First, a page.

Built on an old water-filled mine where four-year-old Jodie Bagshot once drowned, the Big House on Meena’s street is a mysterious building with unknown residents. The secretive, potentially dangerous nature of the place makes it a symbol of the threats that lurk in Tollington itself, such as aggression and racial hostility. However, Meena’s later discovery that an Indian man lives there turns the Big House into the opposite: a symbol of hidden diversity and kindness in the midst of turmoil. Meena enters the Big House’s compound on two occasions: while following Anita, after which the two girls are pursued by an angry dog, and while following Tracey, who ultimately falls and almost drowns in the pond. These two episodes are marked by stress and danger, compounded by the belief Anita has instilled in Meena that the house is inhabited by an evil witch. On both occasions, though, Meena draws comfort from signs of her own culture in this hostile environment: a hidden statue of the Hindu god Ganesha in the yard and the presence of Harinder P. Singh, the Indian owner of the house. The Big House thus reveals that it is not as threatening as Meena had thought. Rather, it is capable of making Meena feel newly welcome in the community, which has become affected by racial tensions. By turning from a place of terror to a symbol of a shared foreign culture, the Big House optimistically suggests that one can always find potential allies, even in the most threatening environments.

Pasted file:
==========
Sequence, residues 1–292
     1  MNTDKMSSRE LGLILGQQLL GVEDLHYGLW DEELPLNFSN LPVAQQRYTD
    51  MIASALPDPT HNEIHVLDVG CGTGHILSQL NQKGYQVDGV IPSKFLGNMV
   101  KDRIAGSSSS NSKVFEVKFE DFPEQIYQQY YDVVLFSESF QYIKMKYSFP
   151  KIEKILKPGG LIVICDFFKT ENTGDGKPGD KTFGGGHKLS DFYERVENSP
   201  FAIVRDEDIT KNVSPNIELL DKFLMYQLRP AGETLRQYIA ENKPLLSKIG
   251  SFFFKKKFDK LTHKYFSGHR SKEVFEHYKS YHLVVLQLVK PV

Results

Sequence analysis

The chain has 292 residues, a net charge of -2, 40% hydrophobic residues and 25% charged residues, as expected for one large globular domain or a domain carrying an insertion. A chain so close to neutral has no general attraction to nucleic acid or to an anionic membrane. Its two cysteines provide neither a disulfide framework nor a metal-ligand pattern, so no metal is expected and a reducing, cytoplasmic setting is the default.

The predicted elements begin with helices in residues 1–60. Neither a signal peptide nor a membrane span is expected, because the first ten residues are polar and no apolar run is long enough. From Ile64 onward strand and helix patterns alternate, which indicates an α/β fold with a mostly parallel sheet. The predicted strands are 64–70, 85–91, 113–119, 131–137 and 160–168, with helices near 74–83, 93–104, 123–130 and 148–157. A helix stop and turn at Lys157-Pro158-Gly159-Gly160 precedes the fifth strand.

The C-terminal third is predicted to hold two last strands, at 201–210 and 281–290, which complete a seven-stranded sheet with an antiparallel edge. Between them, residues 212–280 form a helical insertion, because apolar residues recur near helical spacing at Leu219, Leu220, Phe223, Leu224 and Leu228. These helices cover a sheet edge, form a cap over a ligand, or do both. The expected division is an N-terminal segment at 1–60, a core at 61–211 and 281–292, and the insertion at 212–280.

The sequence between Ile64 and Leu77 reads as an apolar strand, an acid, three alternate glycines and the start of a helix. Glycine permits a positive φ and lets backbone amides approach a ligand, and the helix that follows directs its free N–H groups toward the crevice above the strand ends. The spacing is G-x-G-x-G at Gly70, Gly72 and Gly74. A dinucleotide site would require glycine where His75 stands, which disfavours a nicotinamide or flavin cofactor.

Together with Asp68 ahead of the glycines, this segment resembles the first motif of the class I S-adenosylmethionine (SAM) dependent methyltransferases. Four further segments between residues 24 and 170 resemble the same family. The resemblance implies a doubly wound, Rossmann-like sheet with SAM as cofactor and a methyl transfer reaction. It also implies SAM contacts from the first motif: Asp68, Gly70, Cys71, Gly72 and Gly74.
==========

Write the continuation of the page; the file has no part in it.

The Big House Quotes in Anita and Me
Mr Topsy/Turvey watched her with devoted eyes. ‘I served in India. Ten years. Magical country. Magical people. The best.’
‘Shouldn’t have bloody been there anyway, should you?’ I muttered under my breath. ‘Who asked you to lock up my grandad and steal his chickens?’
I was by now walking fast, making Nanima puff and trot a little to keep up, but I could still hear him shouting behind us, ‘We should never have been there. Criminal it was! Ugly. You look after your nan! You hear me, Topsy!’
‘. . . understand why, but just think if you could use all that energy to do some good. Find out who the real enemies are, the rich, the privileged, not the other people trying to make a living like you, not people like . . .’